Citation.  A.C. 388 (Privy Council)
Morts Dock & Engineering Co. (Plaintiff) sued Overseas Tankship (Defendant), owner of the Wagon Mound, for a fire that started in oil that leaked from the Wagon Mound.
One can only be held liable for results the reasonable person could have foreseen.
Overseas Tankship (Defendant) owned the Wagon Mound, a ship that was being fueled in the harbor. During the fueling, some oil spilled into the bay, and the Wagon Mound left without cleaning it up. The oil reached a wharf owned by Morts Dock & Engineering Co. (Plaintiff). Two days later, Plaintiff was working on the wharf when a piece of hot metal fell onto a rag floating in the water and set the oil on fire. The fire damaged the wharf and other boats in the harbor.
Can Defendant be held liable for damages that it could not reasonably foresee?
No, the Court held that Defendant cannot be liable for damages it could not reasonably foresee.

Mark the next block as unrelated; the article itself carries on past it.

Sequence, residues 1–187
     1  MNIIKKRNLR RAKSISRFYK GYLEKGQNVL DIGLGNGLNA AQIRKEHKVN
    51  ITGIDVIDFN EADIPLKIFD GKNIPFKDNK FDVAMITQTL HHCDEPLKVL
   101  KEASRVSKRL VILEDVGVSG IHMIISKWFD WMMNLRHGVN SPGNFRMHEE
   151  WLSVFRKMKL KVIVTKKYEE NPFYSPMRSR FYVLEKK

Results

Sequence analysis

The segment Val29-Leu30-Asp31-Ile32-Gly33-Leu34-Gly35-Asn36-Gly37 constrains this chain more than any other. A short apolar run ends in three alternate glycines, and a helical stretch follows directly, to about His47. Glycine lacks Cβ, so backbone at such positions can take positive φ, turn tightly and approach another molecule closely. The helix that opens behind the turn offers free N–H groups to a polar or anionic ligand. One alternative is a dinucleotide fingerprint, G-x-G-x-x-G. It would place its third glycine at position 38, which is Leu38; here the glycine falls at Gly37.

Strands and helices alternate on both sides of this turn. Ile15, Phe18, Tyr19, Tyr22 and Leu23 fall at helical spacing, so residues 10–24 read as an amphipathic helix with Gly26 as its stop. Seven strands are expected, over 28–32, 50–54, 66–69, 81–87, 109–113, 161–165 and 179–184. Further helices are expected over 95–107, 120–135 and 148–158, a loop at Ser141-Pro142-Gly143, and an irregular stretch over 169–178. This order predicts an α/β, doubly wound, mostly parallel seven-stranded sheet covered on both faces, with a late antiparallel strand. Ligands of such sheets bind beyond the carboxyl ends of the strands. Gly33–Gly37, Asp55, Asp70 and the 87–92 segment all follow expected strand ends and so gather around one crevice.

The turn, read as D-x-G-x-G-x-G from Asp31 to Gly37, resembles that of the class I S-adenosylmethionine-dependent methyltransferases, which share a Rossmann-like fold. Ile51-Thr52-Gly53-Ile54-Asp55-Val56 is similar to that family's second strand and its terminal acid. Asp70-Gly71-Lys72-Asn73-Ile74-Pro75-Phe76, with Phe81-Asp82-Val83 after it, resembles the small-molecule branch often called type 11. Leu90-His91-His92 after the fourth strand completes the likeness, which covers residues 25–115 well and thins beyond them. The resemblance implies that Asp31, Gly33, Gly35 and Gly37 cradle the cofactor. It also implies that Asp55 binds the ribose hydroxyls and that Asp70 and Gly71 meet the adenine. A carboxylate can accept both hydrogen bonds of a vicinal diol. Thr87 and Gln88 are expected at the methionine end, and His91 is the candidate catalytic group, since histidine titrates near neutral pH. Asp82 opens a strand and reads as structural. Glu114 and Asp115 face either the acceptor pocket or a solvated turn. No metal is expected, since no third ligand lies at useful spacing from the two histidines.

The Court evaluated the history of cases before and after In re Polemis. The Court overturns Polemis with this decision. It is necessary to judge the extent of damage for which an actor can be liable by what a reasonable person could have foreseen.
Furthermore, if the Court were to judge by whether the damage was the direct result of Defendant’s actions, the answer would come out the same. The Court discussed how an average person would not have seen Defendant’s failure to clean up the oil as the direct cause of the fire, but rather would see Plaintiff’s actions in dropping hot metal as the cause. The Court believes that it would be too difficult for anyone to figure out what damages were the direct result of Defendant’s actions, so they create the reasonable foreseeability standard.